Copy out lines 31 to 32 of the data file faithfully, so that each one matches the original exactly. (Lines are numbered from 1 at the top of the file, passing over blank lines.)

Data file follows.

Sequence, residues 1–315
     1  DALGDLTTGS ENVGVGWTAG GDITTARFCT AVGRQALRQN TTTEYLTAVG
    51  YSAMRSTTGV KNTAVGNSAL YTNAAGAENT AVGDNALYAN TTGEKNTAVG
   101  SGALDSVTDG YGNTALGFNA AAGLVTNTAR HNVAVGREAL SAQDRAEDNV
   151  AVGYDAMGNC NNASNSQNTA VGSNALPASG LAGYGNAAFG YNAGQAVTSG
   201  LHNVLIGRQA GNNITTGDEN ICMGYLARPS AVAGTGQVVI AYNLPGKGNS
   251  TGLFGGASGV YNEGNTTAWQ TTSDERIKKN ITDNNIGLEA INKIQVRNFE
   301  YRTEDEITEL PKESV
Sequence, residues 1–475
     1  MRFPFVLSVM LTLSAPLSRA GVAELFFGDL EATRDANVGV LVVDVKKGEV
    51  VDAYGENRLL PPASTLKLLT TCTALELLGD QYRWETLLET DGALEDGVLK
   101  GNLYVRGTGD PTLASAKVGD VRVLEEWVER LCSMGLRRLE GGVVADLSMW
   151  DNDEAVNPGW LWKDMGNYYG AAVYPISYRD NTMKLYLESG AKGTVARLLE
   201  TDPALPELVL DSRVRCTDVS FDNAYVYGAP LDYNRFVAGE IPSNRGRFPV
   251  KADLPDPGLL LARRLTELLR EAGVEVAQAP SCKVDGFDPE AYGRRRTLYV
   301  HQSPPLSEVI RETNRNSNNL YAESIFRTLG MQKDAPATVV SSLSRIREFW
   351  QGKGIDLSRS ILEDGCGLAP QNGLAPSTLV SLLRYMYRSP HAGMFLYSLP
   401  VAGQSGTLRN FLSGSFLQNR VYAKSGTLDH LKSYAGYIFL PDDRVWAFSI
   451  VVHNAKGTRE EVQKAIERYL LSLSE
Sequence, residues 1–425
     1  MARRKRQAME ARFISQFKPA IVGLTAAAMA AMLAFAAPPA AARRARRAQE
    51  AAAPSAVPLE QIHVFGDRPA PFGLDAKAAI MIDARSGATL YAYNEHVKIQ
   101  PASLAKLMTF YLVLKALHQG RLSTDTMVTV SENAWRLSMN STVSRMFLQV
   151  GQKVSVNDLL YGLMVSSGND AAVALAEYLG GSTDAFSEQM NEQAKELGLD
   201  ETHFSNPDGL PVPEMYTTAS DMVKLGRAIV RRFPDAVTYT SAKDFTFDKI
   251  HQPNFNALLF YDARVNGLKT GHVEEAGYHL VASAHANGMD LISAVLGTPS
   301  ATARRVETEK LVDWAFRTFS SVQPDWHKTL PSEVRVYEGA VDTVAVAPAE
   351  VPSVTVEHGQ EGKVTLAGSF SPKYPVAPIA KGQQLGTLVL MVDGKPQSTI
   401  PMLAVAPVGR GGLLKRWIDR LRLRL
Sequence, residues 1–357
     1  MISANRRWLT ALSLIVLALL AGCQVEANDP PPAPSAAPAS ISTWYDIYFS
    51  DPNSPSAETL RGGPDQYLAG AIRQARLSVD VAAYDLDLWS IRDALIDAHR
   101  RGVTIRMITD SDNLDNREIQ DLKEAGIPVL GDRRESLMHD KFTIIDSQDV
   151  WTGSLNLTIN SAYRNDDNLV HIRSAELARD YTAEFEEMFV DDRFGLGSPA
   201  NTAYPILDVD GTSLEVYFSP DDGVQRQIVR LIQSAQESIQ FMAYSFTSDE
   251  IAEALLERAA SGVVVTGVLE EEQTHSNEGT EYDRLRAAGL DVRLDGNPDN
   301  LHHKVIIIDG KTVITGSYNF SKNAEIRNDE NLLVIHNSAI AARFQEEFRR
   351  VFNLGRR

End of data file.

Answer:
     1  MISANRRWLT ALSLIVLALL AGCQVEANDP PPAPSAAPAS ISTWYDIYFS
    51  DPNSPSAETL RGGPDQYLAG AIRQARLSVD VAAYDLDLWS IRDALIDAHR